A letter and response on the California Teachers Association

The following letter was sent to the World Socialist Web Site in response to the article, “California teachers protest budget cuts”, followed by a reply from the WSWS.

I strongly disagree with your assertion that the California Teachers Association’s response has been little more than a letter writing campaign and appeals to Democratic legislators. Read the newspapers for Thursday, May 14. CTA members, at a local, grassroots level, organized protests, rallies and marches all over the state on the California Day of the Teacher. I know because I am a dues paying CTA member, not a CTA staffer or officer, and I organized a 200+ person march in tandem with other members and education coalition partners all over the state. You may disagree with CTA’s politics or ethics, but you need to get your facts straight.


16 May 2008

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Dear Ms. Nichols,

Thank you for your comments of May 16. For the sake of clarification, the article you refer to was written on April 9, at which time the California Teachers Organization, (by which we mean the centralized organization, not individual members who may or may not act in congruence with it), had not organized any mass actions against the cuts.

Much more important than this factual question, however, are the political conclusions drawn by the article. You note that we oppose the politics and ethics of the CTA, but you do not say whether you concur with our assessment.

To reiterate, the article stated, “The unions are incapable of organizing the growing opposition and anger in the working class against the school closures and layoffs because they are tied to the Democratic Party and the profit system.” This incapacity manifests itself in the established policy of the CTA leadership, which is to offer limited opposition to the cuts primarily in the form of public statements and ad campaigns. Yet even as far as such actions go, what the CTA offers is mealy-mouthed and toothless.

CTA President David Sanchez, for example, recently made the following statement in response to Republican Governor Arnold Schwarzenegger’s May budget proposal: “Let’s be clear, this revised budget proposal still cuts billions of dollars from public education,” which was followed by, “We look forward to working with the Legislature and the governor in passing a state budget that invests in the future of our children, our schools, and our state.” In other words, the CTA is still determined to work in collaboration with the Democratic and Republican politicians.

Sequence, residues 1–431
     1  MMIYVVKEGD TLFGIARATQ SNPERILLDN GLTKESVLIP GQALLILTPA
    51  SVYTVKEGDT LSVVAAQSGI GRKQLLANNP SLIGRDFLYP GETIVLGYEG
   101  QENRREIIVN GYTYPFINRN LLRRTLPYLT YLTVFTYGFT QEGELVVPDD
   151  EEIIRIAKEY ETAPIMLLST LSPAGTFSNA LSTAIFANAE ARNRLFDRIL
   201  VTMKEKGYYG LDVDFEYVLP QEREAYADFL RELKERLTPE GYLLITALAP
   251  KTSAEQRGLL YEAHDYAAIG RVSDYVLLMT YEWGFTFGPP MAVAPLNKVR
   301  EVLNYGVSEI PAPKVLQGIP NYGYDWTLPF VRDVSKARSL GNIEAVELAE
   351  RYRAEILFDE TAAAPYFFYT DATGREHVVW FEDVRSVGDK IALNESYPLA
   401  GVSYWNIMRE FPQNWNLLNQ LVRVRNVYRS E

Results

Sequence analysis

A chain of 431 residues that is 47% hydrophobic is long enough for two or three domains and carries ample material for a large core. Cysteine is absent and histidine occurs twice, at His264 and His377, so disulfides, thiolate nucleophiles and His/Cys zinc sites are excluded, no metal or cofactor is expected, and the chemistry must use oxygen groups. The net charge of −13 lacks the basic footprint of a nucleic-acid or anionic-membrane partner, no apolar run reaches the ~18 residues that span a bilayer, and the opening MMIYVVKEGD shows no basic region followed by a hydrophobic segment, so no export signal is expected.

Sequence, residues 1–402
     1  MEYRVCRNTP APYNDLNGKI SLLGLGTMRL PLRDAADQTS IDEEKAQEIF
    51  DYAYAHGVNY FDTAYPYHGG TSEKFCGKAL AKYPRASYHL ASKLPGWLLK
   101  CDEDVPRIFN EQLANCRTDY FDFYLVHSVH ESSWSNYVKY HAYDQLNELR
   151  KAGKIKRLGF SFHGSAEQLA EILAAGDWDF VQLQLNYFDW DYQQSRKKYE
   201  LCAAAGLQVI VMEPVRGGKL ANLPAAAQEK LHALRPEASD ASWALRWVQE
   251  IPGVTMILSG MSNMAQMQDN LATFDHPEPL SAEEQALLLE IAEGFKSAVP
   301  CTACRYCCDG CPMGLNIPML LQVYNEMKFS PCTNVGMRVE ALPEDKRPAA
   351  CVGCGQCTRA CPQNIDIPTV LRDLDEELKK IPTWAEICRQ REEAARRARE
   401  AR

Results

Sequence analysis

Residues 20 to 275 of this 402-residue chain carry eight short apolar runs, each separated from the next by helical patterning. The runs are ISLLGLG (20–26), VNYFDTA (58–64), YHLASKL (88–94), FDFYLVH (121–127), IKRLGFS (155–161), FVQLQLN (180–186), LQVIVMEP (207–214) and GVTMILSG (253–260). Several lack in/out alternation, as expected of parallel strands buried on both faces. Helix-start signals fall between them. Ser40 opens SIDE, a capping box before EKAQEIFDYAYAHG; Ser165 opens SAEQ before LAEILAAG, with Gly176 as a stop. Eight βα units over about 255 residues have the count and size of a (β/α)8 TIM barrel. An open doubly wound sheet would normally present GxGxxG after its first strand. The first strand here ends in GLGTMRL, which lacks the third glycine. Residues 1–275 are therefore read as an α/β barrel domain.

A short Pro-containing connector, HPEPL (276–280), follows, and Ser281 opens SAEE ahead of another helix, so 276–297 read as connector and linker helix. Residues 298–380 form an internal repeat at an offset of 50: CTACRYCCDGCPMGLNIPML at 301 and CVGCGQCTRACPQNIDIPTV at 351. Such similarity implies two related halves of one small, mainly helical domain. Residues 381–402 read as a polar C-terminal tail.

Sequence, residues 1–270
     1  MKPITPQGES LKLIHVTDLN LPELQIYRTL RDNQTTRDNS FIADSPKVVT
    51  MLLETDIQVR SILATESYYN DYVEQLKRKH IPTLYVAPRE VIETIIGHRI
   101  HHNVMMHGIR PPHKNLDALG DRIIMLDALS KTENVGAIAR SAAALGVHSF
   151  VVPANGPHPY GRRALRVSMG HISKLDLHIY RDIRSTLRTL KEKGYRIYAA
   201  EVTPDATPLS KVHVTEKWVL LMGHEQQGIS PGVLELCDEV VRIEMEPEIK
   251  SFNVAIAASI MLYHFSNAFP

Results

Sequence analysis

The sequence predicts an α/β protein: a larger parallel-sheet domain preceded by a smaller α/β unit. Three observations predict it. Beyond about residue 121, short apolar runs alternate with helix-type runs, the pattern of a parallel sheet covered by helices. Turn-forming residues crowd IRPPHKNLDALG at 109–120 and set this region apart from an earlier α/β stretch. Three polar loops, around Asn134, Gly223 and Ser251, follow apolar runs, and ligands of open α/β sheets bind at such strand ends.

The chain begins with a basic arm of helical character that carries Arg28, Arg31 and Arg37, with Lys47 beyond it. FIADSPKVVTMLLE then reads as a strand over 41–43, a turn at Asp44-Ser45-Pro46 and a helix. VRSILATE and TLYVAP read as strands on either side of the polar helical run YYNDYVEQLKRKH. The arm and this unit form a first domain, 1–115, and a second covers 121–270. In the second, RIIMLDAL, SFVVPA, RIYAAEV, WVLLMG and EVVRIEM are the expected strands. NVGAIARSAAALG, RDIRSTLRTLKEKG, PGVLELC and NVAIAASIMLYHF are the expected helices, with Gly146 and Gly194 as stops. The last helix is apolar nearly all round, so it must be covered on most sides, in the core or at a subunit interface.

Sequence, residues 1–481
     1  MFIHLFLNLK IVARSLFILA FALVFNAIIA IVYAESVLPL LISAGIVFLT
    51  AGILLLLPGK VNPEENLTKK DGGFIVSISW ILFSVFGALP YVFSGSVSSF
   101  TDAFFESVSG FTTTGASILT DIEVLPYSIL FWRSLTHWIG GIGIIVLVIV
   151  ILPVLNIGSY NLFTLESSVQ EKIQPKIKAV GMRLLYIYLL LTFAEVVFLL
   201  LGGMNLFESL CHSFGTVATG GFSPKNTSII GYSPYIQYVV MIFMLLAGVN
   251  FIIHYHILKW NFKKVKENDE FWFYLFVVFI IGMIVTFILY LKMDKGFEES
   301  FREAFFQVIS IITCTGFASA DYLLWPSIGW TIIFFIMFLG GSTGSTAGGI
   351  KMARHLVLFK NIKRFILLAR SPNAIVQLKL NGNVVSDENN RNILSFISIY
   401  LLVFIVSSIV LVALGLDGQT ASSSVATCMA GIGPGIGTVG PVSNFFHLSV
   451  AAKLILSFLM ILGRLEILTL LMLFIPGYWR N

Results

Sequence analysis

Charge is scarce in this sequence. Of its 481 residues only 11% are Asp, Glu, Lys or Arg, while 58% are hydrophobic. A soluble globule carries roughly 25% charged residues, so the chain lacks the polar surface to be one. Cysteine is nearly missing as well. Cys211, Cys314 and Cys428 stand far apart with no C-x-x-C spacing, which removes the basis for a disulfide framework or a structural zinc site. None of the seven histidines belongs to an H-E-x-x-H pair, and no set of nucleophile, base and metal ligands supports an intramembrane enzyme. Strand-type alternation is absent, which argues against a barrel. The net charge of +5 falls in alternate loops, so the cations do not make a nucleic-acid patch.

The idea that any real gains can be made without a relentless struggle against these political forces is completely bankrupt. After Schwarzenegger reduced legally mandated funding for education by $2 billion soon after the 2003 recall campaign, for example, he agreed to return the funding when the state next experienced a budget surplus. When the funding was not returned, the CTA responded by publicly opposing the right-wing ballot initiatives of the Schwarzenegger administration in 2005. The funding still hasn’t been returned to this day, however, and the CTA now remains completely silent on the issue.

Furthermore, soon after their 2005 opposition, the CTA, which ostensibly represents the interests of teachers, publicly opposed the passage of Proposition 88, which would have provided K-12 schools with an additional $450 million in funding per year.

It should also be noted that the CTA is an affiliate of the National Education Association. The NEA was largely responsible for the enactment of child labor laws in the 1890s, compulsory education, and the introduction of state pensions in the first half of the last century.